I'm Allergic to Global Warming. Literally.
Photo via Simple Steps
If anyone else suffers from allergies, maybe someone out there can empathize: I have been absolutely slammed by them this year. Sneezing, eyes swelling till they're almost locked shut, itching--man, it's the worst. I've spent the last couple days just hiding indoors and thinking to myself 'I swear, it's never been this bad,' as my left hand fights off my right to keep it from rubbing my eye. Reading this paragraph back, it occurs to me that another explanation may be that I've simply gone insane. But then, I read this headline in Time through my crusty, squinted left eye: Allergies Worse Than Ever? Blame Global Warming. And then I sighed: time for a post. First of all, let me make this absolutely clear: no, my allergies are not scientific proof for global warming--suck though they do. But it turns out they might get worse over the years as increasingly warmer spring seasons speed plant growth and pollen counts skyrocket thanks to climate change.
Here's what's happening right now, according to TIME,
Thanks to an unusually cold and snowy winter, followed by an early and warm spring, pollen counts are through the roof in much of the U.S., especially in the Southeast, which is already home to some of the most allergenic cities in the country. A pollen count -- the number of grains of pollen in a cubic meter of air -- of 120 is considered high, but in Atlanta last week the number hit 5,733, the second highest level ever recorded in the city.Almost 6,000 grains of pollen in a single cubic meter of air! Aaah! That's the stuff of nightmares for the allergy-afflicted. Now, I'm up in New York, so the pollen count probably isn't that high, but the same cold winter/warm spring phenomenon has certainly occurred here. But how does that lead to a higher pollen count? Time explains:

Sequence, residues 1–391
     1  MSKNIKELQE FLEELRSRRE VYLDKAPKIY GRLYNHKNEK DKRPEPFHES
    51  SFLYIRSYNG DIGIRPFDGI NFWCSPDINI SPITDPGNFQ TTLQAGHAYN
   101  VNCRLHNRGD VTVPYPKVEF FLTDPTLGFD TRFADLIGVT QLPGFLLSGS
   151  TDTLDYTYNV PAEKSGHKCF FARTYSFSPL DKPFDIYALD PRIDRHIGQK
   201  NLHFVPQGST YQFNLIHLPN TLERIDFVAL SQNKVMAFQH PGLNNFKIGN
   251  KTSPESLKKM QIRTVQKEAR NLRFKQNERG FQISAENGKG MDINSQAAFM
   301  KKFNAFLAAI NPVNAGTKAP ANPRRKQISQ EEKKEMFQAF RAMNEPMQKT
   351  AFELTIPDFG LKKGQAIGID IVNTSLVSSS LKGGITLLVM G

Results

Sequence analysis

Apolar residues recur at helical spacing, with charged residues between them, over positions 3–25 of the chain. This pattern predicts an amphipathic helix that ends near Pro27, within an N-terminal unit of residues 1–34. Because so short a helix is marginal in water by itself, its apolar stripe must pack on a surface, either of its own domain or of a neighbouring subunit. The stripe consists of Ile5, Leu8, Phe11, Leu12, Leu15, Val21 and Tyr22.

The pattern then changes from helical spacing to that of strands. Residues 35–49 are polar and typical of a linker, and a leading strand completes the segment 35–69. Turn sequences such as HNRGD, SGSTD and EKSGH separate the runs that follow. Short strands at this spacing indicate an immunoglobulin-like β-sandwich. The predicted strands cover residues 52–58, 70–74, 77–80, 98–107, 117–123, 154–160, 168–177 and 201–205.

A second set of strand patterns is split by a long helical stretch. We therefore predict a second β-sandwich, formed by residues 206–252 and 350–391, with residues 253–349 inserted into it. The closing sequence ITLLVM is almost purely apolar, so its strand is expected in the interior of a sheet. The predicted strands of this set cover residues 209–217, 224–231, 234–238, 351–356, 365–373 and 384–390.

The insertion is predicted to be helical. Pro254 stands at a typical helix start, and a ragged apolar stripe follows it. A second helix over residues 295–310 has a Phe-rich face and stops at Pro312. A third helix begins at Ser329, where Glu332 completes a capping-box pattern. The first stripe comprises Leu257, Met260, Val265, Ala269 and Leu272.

Here's how it works: higher concentrations of CO2 in the atmosphere generally speed plant growth, while warmer temperatures mean that spring -- and with it, allergy season -- arrives earlier. Spring-like conditions in the East are already arriving on average 14 days earlier than just 20 years ago.Enter the impact climate change will have on allergies:
Pollen from ragweed, which triggers most cases of spring hay fever, is projected to increase up to 100% between now and 2085 if fossil-fuel emissions continue to rise unabated. And more CO2 could make the ragweed pollen that exists more potent: if CO2 concentrations rise from current levels (385 parts per million) to 600 parts p.p.m., which could happen as soon as mid-century, ragweed pollen could become up to 70% more allergenic. An earlier, longer spring will just give ragweed more time to grow and give off pollen.But wait, there's more: climate change, it turns out, is likely to favor trees that give off pollen as opposed to those that don't. And as an added bonus, people with asthma are going to have it worse, too--asthma is often triggered by allergenic reactions. If all this sounds like a bit of a nightmare for allergic folks, rest assured that it will be something of a nightmare for everyone else, too: "the effect of climate change could push the economic cost of allergies and asthma well above the current $32 billion price tag." So health costs will certainly rise, too, on the current emissions path we're on.
As the Time article aptly concludes, "absent a concerted effort to reduce carbon emissions, get ready for a sniffly future." Which, of course, is bad news for me and my allergenic brethren.
PS: Excuse any typos, my eyelids have swelled to the size of oranges. And I know I'm not literally literally allergic to global warming. But still.
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